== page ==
Washington, D.C., January 30, 2020 — United States Senator Lamar Alexander (R-Tenn.) today released the following statement on his vote regarding additional evidence in the impeachment proceedings:

“I worked with other senators to make sure that we have the right to ask for more documents and witnesses, but there is no need for more evidence to prove something that has already been proven and that does not meet the United States Constitution’s high bar for an impeachable offense. 

“There is no need for more evidence to prove that the president asked Ukraine to investigate Joe Biden and his son, Hunter; he said this on television on October 3, 2019, and during his July 25, 2019, telephone call with the president of Ukraine. There is no need for more evidence to conclude that the president withheld United States aid, at least in part, to pressure Ukraine to investigate the Bidens; the House managers have proved this with what they call a ‘mountain of overwhelming evidence.’ There is no need to consider further the frivolous second article of impeachment that would remove the president for asserting his constitutional prerogative to protect confidential conversations with his close advisers.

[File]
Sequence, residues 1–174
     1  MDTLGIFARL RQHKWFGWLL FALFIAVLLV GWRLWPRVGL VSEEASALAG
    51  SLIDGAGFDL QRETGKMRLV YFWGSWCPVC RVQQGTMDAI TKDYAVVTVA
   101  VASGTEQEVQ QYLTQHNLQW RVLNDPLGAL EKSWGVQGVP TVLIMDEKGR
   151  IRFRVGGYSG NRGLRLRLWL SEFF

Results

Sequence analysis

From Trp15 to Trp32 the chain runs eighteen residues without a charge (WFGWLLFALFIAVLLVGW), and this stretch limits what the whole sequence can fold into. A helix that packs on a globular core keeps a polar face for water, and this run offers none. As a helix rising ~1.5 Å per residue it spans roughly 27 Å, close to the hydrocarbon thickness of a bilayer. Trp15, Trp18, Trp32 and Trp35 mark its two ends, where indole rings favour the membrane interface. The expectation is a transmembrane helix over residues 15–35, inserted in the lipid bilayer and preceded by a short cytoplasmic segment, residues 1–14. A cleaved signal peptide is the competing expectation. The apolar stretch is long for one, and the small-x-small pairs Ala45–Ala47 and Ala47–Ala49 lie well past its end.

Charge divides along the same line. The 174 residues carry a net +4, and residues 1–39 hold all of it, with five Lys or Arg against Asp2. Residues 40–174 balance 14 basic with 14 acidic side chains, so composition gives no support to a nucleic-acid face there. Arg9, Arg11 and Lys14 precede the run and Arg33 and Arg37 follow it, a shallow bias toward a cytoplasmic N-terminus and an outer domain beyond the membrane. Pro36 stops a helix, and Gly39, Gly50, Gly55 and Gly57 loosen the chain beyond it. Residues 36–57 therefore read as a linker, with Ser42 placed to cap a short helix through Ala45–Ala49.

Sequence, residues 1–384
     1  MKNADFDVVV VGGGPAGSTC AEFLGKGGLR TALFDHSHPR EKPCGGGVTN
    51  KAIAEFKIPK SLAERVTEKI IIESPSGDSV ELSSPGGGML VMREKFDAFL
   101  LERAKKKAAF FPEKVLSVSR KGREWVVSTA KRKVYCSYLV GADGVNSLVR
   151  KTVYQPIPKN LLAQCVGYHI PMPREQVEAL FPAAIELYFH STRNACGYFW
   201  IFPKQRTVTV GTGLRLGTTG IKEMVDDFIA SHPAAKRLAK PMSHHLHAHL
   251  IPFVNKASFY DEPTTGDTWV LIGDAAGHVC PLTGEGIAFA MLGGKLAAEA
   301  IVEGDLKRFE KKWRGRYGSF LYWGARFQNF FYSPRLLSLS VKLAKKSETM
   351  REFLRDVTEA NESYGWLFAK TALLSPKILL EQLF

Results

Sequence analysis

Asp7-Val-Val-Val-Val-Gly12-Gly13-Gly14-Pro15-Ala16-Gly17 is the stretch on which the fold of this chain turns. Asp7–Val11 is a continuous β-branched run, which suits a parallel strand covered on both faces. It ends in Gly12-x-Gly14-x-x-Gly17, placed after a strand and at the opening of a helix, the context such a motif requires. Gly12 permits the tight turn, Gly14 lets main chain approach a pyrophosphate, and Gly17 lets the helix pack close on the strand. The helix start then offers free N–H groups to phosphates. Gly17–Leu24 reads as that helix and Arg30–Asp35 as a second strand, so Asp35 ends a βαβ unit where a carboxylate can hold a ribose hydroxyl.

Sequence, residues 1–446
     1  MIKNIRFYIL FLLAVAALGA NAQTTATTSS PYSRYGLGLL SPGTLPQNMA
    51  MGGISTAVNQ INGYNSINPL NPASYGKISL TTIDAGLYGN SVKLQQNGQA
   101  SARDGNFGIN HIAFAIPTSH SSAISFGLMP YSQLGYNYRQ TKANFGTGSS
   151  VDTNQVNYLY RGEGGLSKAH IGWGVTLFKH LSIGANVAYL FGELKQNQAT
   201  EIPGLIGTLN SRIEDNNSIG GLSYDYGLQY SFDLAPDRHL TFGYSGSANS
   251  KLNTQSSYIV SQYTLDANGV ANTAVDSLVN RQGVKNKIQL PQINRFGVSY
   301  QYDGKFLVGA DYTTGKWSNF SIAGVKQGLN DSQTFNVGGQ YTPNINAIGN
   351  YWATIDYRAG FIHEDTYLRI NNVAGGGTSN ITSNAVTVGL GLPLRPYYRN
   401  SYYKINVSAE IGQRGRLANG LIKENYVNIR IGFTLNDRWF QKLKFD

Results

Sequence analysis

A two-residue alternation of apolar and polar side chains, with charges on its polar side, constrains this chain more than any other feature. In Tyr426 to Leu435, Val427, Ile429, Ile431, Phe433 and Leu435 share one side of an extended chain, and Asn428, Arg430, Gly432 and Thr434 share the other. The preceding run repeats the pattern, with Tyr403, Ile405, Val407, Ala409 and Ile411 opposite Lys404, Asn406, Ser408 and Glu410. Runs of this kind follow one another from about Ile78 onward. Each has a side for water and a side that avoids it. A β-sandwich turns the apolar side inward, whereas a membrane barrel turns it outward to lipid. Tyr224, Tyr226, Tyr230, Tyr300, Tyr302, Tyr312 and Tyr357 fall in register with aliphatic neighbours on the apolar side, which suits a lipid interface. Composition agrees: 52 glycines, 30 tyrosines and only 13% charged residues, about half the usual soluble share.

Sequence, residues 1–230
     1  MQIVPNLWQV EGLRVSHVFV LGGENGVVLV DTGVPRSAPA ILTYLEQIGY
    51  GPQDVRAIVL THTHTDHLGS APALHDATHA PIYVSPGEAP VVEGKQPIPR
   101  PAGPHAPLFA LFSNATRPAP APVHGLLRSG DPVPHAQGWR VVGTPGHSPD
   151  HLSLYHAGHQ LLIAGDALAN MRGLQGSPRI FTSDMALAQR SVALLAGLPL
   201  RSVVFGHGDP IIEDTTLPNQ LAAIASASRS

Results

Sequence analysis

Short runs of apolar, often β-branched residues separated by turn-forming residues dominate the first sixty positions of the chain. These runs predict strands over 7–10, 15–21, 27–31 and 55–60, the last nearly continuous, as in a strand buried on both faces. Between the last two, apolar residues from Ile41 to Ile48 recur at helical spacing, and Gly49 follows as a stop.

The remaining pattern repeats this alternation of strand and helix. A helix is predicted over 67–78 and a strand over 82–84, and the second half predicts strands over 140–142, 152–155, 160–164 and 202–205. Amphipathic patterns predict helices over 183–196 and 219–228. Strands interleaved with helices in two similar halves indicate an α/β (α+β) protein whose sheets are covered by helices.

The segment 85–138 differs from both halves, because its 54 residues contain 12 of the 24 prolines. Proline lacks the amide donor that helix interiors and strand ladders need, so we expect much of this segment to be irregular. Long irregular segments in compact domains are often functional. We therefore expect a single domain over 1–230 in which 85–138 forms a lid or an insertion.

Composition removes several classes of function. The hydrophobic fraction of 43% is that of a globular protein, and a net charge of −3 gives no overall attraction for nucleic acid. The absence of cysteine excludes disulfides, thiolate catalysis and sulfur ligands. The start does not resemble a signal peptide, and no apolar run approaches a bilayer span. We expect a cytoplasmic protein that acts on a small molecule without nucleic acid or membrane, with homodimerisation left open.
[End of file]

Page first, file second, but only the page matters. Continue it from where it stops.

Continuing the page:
“It was inappropriate for the president to ask a foreign leader to investigate his political opponent and to withhold United States aid to encourage that investigation. When elected officials inappropriately interfere with such investigations, it undermines the principle of equal justice under the law. But the Constitution does not give the Senate the power to remove the president from office and ban him from this year’s ballot simply for actions that are inappropriate.